Tech

Apple Crumbles Walls, Allows EU App Downloads Outside App Store

Apple announced on Tuesday its decision to permit European Union users to procure iPhone applications directly from developers’ websites, marking a significant departure to adhere to the regulations outlined in the EU’s Digital Markets Act. This paradigm shift will be promptly enforced for Apple consumers within the EU. Previously, users were confined to downloading iPhone applications solely through the confines of the App Store.

The inception of the European Union’s Digital Markets Act, which transpired last week, is hailed as a watershed moment in the oversight of major tech conglomerates, compelling Apple to dismantle its insular ecosystem. Formerly, on March 4, the European Union imposed a substantial fine of 1.84 billion euros upon Apple for stifling competition in the realm of music streaming services on its platform. Apple subsequently voiced its intention to contest the decision made by the EU.

In the secondary market, Apple’s stocks have dwindled by nearly 10% since the advent of this year, precipitating a colossal evaporation of over US$300 billion from its total market valuation. Presently, its market capitalization hovers around US$2.65 trillion, with NVIDIA’s market worth edging closer to Apple’s precipitously. It is noteworthy that Buffett’s Berkshire divested approximately 10 million shares of Apple in the fourth quarter of 2023.

Apple’s Conciliation with the EU

Apple unveiled a policy revision on March 12, facilitating EU users to download iPhone applications directly from developers’ platforms for the first time. Furthermore, developers are empowered to make their applications accessible on alternative app markets without the obligatory passage through the App Store, alongside the liberty to directly extend promotions to users.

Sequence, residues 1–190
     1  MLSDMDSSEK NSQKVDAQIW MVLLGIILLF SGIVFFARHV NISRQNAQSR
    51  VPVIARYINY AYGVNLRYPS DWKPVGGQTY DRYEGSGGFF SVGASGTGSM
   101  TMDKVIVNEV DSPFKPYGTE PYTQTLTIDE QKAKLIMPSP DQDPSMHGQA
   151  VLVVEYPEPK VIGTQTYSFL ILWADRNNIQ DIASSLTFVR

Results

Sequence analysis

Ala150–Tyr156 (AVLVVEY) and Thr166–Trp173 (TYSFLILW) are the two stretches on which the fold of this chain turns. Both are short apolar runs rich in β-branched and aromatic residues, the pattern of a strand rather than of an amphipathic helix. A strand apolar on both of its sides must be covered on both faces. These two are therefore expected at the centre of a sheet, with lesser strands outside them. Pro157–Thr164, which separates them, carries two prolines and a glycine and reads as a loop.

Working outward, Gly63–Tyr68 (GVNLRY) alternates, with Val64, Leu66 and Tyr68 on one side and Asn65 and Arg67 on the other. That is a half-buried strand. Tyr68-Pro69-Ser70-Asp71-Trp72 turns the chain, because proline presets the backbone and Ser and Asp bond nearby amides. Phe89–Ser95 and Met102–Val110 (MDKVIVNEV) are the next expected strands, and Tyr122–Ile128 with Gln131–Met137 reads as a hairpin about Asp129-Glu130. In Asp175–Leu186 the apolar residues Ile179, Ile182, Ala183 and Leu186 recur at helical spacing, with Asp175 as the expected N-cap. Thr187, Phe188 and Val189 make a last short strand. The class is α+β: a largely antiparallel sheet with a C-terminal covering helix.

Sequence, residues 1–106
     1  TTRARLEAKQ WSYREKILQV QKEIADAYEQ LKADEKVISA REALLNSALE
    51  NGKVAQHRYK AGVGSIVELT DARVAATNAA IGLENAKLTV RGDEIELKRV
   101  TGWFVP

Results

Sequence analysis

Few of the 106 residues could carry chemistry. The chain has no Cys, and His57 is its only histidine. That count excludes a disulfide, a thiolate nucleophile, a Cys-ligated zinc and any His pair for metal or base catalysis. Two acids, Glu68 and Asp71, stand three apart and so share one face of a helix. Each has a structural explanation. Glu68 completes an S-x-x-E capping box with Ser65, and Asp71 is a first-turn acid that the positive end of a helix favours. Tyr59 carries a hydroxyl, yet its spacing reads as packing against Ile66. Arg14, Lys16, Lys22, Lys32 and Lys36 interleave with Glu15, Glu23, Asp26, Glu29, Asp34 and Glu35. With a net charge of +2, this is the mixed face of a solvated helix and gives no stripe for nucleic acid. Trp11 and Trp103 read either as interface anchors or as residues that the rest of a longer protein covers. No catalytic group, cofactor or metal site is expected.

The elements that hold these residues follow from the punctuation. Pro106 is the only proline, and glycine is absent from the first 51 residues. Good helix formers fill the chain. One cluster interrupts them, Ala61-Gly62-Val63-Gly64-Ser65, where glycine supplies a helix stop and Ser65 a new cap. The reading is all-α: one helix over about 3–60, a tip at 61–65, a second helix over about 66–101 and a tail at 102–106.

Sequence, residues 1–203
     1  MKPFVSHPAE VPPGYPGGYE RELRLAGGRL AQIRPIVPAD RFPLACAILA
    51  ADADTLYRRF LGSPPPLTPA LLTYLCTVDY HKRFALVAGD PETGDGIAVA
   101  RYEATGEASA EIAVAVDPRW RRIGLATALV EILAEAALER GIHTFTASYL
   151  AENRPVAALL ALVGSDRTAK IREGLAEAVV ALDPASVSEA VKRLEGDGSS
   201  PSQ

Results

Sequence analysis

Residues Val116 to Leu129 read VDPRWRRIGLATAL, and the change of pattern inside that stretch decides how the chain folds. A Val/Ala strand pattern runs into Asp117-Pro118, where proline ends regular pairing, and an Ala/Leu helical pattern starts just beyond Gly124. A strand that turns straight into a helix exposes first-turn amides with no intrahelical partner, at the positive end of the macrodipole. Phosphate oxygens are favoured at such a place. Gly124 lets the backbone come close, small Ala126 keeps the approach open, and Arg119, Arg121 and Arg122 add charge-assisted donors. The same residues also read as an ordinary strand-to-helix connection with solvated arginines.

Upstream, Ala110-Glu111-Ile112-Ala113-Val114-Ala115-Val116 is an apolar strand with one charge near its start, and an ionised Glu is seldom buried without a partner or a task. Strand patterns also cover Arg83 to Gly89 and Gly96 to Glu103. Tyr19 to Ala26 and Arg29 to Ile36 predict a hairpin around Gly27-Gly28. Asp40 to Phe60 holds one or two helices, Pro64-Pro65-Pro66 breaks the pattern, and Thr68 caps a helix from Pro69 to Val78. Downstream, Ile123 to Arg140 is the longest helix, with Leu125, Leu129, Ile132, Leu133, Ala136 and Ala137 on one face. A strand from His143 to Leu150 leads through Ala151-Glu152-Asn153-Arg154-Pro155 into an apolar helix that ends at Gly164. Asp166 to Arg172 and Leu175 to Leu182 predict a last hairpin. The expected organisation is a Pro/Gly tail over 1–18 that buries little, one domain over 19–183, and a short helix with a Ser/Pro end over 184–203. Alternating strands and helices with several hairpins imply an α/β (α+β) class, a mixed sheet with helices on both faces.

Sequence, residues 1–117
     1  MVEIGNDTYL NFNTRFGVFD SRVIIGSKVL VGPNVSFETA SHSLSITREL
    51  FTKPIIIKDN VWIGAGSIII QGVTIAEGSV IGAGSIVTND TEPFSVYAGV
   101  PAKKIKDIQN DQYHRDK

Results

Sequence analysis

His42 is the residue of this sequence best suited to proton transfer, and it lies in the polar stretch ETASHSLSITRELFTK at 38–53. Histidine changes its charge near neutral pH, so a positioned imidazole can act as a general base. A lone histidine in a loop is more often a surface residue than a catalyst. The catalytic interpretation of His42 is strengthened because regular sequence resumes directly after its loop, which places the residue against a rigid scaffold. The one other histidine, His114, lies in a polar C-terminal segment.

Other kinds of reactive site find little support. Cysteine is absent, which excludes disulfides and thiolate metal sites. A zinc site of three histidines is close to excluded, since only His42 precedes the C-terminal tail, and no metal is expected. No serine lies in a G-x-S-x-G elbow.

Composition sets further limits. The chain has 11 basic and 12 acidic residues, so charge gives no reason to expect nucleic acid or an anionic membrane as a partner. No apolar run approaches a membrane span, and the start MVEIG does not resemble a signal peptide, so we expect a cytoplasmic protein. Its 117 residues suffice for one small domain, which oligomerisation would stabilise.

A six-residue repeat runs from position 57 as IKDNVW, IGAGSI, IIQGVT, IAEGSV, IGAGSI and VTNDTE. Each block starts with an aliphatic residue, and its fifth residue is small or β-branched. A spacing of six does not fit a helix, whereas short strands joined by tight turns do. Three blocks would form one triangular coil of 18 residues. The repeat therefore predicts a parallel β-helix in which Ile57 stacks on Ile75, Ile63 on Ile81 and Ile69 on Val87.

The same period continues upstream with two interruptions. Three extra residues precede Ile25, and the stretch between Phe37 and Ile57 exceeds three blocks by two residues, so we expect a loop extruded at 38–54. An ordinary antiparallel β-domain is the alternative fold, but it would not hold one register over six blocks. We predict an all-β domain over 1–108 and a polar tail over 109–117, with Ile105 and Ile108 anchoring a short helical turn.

This substantial concession marks a volte-face for Apple. Over the years, Apple staunchly opposed sideloading, attributing security concerns and safeguarding its prerogative to shape user experiences.

This instance exemplifies the latest instance of Europe’s Digital Markets Act compelling Apple to recalibrate its modus operandi within the App Store domain. The act mandates tech titans like Apple to unfurl their platforms to accommodate smaller competitors. Emphasizing interoperability, the DMA necessitates tech giants to unveil application interfaces, thereby affording users the autonomy to designate pre-installed applications on their devices. Violation of DMA stipulations incurs penalties amounting to 10% of the company’s global annual revenue, with repeat transgressions inviting fines scaling up to 20%. Apple’s policy revision stands as a significant compromise forged in this regulatory milieu.

Moreover, in late January of the current year, Apple announced adjustments to commission structures in compliance with the European Union’s Digital Market Act. Previously, Apple levied a maximum commission of 30% on developers. Under the revamped policy, developers will remit a commission of only 17% on app sales, with the rate tapering down to 10% after a year for most developers and subscribers. Apple has also waived commission fees for app installations conducted through alternative platforms.

While trimming commissions, Apple has introduced two supplementary charges. Firstly, a 3% payment processing fee is levied on apps utilizing Apple’s in-app purchase system. Secondly, an installation fee of 0.5 euros is imposed on each app exceeding 1 million installations, irrespective of the distribution channel. This maneuver signifies that apps retailed outside the Apple App Store are absolved from additional commissions, only bearing the nominal 0.5 euro fee.